Apt Pupil (1998)


“You Have No Idea What I Can Do”

Main Cast: Brad Renfro, Ian McKellen

Director: Bryan Singer

Stephen King has serious daddy issues.  I know I’ve said that before, and I know I’m gonna have to say it again if I continue to review his work, because he keeps writing about it.

For the most part, this comes into play when the hero of the book meets an older man along the story’s journey and the older man either provides companionship or information or help as the hero battles the villain.  All the way back to his second published novel, ‘SALEM’S LOT when Ben Mears met Matt Burke, King has been repeating himself ad nauseum.

Stu Redman met Judge Farris in THE STAND.  Louis Creed met Jud Crandall in PET SEMATARY.  In CELL, Clay Riddell met Tom McCourt.  In DOCTOR SLEEP, Dan Torrance had Bill Freeman.  In HEARTS IN ATLANTIS, Bobby Garfield had Ted Brautigan.  Even as recently as 2020’s IF IT BLEEDS, Craig had Mr. Harrigan.  But this team-up doesn’t always have a positive outcome, as he revealed in the 1982 collection DIFFERENT SEASONS with the story Apt Pupil.

Adapted by Brandon Boyce and directed by Bryan Singer (of THE USUAL SUSPECTS and X-MEN fame) in 1998, the elevator pitch for APT PUPIL is simple enough: High school student Todd Bowden suspects a man in his neighborhood of being a Nazi war criminal.  Instead of turning the man in, he blackmails him into regaling Todd with stories of the war.  As the two become closer during the course of the year, each begins to sink further down their own personal spiral.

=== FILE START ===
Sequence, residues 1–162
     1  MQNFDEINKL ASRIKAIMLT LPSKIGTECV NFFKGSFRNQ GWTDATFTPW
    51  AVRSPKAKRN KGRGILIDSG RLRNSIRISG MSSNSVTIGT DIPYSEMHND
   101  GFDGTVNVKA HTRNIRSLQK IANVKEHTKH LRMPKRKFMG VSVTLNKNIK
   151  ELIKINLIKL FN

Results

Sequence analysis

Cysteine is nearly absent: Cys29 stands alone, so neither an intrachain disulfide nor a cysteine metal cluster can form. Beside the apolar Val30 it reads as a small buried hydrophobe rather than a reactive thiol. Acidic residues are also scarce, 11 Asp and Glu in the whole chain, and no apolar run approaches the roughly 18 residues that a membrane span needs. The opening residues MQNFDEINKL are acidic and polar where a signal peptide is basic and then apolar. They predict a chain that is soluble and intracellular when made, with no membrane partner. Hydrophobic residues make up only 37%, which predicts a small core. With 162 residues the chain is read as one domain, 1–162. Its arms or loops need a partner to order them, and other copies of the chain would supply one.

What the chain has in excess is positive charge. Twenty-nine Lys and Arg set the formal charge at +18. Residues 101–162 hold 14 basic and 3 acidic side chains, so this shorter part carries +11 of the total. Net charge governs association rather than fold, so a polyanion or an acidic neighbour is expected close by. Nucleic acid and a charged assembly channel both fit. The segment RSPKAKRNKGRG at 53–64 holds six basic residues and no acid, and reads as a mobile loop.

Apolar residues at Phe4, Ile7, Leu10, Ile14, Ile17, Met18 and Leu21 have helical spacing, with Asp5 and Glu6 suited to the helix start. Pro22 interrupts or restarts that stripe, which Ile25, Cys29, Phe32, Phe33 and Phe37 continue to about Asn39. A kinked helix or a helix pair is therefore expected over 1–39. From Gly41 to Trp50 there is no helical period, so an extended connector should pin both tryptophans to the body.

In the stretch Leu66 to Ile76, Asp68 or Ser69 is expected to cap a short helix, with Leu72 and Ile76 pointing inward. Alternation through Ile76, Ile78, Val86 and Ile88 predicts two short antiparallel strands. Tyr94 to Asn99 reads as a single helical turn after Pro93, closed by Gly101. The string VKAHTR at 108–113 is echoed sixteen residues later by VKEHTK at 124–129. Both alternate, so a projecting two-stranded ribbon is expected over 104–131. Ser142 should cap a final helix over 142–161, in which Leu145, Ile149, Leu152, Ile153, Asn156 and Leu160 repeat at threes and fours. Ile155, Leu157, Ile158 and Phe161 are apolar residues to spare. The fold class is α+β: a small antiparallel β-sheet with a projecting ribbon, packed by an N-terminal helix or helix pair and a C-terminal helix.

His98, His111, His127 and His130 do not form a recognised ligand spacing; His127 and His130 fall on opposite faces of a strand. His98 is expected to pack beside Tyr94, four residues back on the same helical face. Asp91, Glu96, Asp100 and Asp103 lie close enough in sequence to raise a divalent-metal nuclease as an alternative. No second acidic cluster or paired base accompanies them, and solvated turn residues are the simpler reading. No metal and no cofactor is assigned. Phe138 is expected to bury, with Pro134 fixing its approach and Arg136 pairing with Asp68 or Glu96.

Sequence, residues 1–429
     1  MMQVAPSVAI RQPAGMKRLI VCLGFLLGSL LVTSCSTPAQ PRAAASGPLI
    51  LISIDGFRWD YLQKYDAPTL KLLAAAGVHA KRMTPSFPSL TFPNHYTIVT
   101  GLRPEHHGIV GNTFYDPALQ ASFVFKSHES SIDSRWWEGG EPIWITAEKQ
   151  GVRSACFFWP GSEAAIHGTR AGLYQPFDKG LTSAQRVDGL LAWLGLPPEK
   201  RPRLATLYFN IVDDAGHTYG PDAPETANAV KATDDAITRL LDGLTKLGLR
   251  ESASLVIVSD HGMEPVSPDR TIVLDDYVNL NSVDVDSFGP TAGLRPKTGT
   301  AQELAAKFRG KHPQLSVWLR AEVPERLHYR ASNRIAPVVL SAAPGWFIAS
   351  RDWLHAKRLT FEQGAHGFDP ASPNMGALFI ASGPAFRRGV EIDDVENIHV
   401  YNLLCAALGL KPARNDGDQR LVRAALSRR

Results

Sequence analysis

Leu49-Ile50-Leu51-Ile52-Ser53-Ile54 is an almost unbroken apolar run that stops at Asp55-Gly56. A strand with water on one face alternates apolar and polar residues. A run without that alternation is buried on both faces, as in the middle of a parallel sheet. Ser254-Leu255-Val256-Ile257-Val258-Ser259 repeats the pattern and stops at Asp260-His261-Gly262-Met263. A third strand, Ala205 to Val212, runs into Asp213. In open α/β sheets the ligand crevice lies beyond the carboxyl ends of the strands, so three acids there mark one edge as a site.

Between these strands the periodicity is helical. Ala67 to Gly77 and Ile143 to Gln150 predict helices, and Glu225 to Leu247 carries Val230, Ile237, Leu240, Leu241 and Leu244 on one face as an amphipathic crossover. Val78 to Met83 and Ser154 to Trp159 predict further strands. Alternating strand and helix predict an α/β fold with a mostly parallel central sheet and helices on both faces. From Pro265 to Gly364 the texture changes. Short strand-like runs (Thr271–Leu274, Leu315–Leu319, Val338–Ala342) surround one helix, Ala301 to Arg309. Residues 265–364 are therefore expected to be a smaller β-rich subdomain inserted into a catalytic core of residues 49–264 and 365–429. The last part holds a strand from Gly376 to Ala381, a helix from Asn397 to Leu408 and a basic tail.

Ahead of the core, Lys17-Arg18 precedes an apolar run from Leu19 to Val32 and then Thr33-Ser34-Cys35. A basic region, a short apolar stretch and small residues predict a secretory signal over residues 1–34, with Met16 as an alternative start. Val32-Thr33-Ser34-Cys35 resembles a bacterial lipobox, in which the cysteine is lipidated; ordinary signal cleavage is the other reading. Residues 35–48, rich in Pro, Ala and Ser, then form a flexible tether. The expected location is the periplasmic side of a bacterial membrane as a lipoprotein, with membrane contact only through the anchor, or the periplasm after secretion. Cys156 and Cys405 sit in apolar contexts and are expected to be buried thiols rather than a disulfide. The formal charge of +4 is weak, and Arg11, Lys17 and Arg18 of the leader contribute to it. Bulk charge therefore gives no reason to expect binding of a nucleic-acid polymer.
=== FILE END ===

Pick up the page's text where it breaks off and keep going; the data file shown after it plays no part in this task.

APT PUPIL is a movie I’ve been putting off reviewing for … well, almost two years now, I think, for various reasons.  One, it’s almost 2 hours and who’s got 2 hours anymore to devote to a movie they’d already seen once shortly after it was released and didn’t remember it being all that.  Two, is there really ever a good time to watch a movie where someone becomes fascinated by Nazis?  When has that EVER turned out well? 

But now I have to say, that hesitation was unnecessary.  This was a good movie.  The subject matter is still not necessarily one you want your impressionable kids watching with you, but the filmmaking was top notch across the board.

Brad Renfro (THE CLIENT, SLEEPERS) was 15 playing Todd Bowden and it’s a true loss to the art when a kid with that much talent would be gone ten years later.  Then again, his career post-APT PUPIL is also a loss.  But damn this kid had it.

And then there’s Ian McKellen (X-MEN, THE LORD OF THE RINGS) as Dussander/Denker, the ex-Nazi.  This dude could do more with a simple curl of his lips than many actors can do with their whole face and a page full of dialogue.  What a friggin’ talent.

It’s been a while since I’ve read the King novella, so I don’t know how much of the dialogue was adapted and how much was original, but there were some exchanges here that left me thinking, “Now THAT is how you write dialogue!”

If I had to find some negatives here, I’m disappointed that they wimped out over the ending, which is WAY different from the original novella.  If you don’t want to read King’s story, you can find the original ending in the Anthrax song “Skeletons in the Closet”, which is also based on this story.